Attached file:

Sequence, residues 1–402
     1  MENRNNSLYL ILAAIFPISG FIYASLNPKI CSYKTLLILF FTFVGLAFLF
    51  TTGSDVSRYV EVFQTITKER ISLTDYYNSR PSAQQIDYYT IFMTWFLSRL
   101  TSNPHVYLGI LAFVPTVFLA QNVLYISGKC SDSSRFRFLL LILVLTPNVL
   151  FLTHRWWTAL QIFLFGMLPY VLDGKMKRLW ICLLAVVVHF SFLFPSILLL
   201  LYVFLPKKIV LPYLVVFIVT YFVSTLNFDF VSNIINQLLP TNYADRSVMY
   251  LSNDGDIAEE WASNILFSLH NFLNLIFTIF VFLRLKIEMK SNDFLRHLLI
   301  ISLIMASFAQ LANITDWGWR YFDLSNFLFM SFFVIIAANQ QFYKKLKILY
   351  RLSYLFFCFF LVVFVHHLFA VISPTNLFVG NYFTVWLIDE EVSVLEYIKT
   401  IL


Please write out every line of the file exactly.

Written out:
Sequence, residues 1–402
     1  MENRNNSLYL ILAAIFPISG FIYASLNPKI CSYKTLLILF FTFVGLAFLF
    51  TTGSDVSRYV EVFQTITKER ISLTDYYNSR PSAQQIDYYT IFMTWFLSRL
   101  TSNPHVYLGI LAFVPTVFLA QNVLYISGKC SDSSRFRFLL LILVLTPNVL
   151  FLTHRWWTAL QIFLFGMLPY VLDGKMKRLW ICLLAVVVHF SFLFPSILLL
   201  LYVFLPKKIV LPYLVVFIVT YFVSTLNFDF VSNIINQLLP TNYADRSVMY
   251  LSNDGDIAEE WASNILFSLH NFLNLIFTIF VFLRLKIEMK SNDFLRHLLI
   301  ISLIMASFAQ LANITDWGWR YFDLSNFLFM SFFVIIAANQ QFYKKLKILY
   351  RLSYLFFCFF LVVFVHHLFA VISPTNLFVG NYFTVWLIDE EVSVLEYIKT
   401  IL